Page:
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Eddie Wiseman

Small in stature (5'7" and 160lbs), Eddie Wiseman scored a few big goals in the 1930s and 1940s.

Wiseman, originally a Detroit Red Wings, joined the New York Americans in 1935. Over the next 4 years he and Gene Carr battled for top billing on the Amerks right wing. Relying on his speed as his main weapon, Wiseman scored 12, 14, 18 and 12 goals respectively.

Wiseman, who was born in Newcastle, New Brunswick but hailed from Regina, Saskatchewan, was traded to Boston part way through the 1939-40 season. Who was the player he was traded for? The legendary Eddie Shore. The Bruins were just looking to dump their aging and increasingly cantankerous star. Wiseman was not exactly fair trade value, but the Bruins took him anyways. The New York Times described Wiseman as a "no better than average hockey player."

The Bruins did not regret acquiring Wiseman. He played well in Boston, especially in the following season. After a strong regular season that saw him score 16 times and assist on 24 others (6th best total in the NHL) for a career best 40 points, he led all NHL shooters with 6 playoff goals as the Bruins won the 1941 Stanley Cup.

Wiseman would play one more year in the NHL before World War II interrupted and, for all intents and purposes, ended his hockey carer. He served with the Royal Canadian Air Force out of Saskatoon while also playing senior hockey with the Air Force team.

When all was said and done, Eddie Wiseman played in 454 NHL games, scoring 115 goals and 165 assists for 280 points. In the playoffs he added 10 goals and 20 points in 45 contests.

Wiseman, who was also noted for his ability on the golf course, would go on to coach junior hockey in Saskatchewan. He would also serve as the Bruins western Canada scout. He eventually settled in Red Deer, Albert and opened real estate and insurance businesses.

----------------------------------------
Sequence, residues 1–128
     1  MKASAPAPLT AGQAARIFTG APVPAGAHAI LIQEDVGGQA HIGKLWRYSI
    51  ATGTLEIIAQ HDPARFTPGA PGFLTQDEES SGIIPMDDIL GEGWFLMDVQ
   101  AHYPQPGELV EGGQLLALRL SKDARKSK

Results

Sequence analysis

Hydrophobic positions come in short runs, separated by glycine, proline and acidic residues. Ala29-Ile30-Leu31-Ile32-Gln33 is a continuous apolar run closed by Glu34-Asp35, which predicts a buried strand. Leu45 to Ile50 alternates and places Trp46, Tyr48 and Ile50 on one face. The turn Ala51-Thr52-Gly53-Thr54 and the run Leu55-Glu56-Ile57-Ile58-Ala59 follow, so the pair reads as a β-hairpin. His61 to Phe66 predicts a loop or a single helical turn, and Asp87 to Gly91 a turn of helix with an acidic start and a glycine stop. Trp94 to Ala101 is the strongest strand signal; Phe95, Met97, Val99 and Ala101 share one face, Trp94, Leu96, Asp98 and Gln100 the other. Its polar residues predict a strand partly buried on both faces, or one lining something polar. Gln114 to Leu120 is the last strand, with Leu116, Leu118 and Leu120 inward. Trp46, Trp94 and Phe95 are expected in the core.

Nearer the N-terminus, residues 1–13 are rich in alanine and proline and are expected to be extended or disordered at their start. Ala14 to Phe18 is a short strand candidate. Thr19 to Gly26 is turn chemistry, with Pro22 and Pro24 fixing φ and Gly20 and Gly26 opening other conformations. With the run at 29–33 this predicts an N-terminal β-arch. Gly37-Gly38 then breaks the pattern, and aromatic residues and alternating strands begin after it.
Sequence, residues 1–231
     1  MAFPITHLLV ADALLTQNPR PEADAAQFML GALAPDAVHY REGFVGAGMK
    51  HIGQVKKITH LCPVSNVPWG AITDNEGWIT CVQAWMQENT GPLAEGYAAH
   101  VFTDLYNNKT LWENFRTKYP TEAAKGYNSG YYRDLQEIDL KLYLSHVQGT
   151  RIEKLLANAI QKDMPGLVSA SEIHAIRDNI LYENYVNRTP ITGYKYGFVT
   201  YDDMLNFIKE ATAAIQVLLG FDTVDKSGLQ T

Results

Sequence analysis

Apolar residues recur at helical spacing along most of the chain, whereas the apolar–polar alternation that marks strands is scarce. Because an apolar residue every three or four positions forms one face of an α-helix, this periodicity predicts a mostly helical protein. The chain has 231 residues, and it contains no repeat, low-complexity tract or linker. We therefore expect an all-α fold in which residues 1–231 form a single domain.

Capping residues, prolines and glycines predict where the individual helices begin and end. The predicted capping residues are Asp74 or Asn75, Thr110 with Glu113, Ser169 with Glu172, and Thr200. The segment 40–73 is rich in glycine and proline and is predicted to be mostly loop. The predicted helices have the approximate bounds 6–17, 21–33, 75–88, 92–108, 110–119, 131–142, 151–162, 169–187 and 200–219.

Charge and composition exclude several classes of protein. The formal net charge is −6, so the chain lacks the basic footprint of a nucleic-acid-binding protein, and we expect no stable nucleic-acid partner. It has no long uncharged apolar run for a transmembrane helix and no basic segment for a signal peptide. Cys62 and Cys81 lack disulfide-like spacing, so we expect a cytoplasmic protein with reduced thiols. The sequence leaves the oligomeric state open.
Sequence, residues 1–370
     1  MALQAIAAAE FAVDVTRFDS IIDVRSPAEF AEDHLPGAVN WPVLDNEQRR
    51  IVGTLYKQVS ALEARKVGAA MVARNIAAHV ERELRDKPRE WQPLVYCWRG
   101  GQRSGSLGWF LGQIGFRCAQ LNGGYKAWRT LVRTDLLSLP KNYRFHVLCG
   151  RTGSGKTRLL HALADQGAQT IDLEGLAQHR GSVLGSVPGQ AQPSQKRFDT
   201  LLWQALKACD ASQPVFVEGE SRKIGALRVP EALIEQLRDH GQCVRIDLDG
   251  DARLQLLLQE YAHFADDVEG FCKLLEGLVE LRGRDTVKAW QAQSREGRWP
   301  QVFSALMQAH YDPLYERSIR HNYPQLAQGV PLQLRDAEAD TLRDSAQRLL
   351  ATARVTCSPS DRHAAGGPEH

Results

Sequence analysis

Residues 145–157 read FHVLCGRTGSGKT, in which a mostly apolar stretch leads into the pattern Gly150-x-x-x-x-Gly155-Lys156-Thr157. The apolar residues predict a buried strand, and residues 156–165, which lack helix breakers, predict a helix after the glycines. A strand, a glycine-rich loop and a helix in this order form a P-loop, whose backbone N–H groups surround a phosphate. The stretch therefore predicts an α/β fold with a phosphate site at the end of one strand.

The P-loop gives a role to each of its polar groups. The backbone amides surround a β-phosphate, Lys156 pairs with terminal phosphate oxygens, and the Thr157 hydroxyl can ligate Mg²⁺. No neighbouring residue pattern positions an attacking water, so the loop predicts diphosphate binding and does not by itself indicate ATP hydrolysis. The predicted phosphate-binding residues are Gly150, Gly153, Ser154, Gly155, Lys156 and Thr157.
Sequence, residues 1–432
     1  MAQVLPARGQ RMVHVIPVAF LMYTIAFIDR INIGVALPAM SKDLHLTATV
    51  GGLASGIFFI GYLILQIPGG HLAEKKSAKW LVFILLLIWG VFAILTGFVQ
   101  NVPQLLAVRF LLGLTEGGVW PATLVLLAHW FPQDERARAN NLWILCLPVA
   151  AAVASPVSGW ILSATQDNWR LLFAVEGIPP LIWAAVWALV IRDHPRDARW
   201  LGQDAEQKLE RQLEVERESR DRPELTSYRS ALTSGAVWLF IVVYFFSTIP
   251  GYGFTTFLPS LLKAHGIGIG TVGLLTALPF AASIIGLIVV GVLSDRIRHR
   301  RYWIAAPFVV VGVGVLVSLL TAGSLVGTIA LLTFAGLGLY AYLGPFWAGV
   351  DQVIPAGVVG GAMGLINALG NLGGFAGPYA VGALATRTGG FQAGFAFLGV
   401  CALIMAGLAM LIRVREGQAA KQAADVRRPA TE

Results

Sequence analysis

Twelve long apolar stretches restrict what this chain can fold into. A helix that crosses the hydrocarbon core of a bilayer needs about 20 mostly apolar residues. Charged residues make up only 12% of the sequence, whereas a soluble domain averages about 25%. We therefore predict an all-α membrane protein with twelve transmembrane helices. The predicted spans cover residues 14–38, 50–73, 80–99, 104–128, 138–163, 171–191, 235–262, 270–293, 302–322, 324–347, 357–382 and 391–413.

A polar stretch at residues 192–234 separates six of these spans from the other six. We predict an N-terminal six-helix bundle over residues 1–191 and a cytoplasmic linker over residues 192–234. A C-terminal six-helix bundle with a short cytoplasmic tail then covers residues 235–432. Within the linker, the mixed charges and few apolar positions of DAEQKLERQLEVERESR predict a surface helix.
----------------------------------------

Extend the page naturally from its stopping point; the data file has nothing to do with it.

Eddie Wiseman died in Red Deer on May 4th, 1977.

Comments

Derek said…
Wiseman played on a line with Bill Cowley and Roy Conacher. Mel Hill was demoted off of this line and Wiseman was brought up. Not to take anything away from Wiseman but Conacher and Cowley were great players and many players' stats escalated when placed on their line. The Bruins' 2nd line Cowley-Conacher- (and whoever) were as great or greater offensively as/than the Kraut line.
Derek said…
The Cowley-Wiseman-Conacher line was known as the Three-Gun Line.
"Whoever plays on the wing with him always finishes well up in the scoring, but Cowley forms a perfect line with Conacher and Wiseman. All are fast, while Conacher is deadly accurate with his shot and Wiseman has an uncanny ‘sixth sense’ in following the play.” (Cooney Weiland on Bill Cowley.)

Eddie Wiseman led the team in playoff goals in the year that they won their 3rd Stanley Cup (1941) with 6 goals in 11 games. He finished 2nd in points with 8.
Derek said…
Bill Cowley Quote:
“I’m going to win the championship,” “But,” went on Bill, “if I don’t win it, then you can quote me as saying that the winner will be a guy named Roy Conacher. And he and another fellow named Eddie Wiseman are two reasons why I think I am going to do it again. Those fellows can plug goals from anywhere. All you have to do is feed them the puck and bang! She’s in. So it makes things kind of easy for me, doesn’t it? All I do is get the faceoff, give the puck to Wiseman or Conacher and I get the assist. Forty-five of those, that’s less than one a game - and I got 45 assists. Which puts me even with my record for assists last year. Then all I gotta do is bag 17 goals and there I am.
“Tell me another center who’s lucky enough to play with two wings like Conacher and Wiseman. There is none. Not in this league or any other league.”

One of the picturesque names coined for a NHL forward line has been pinned on the Cowley-Wiseman-Roy Conacher trio of the champion Boston Bruins. They have been termed the Three Gun Line, because each of the three snipers possesses extraordinary scoring powers.

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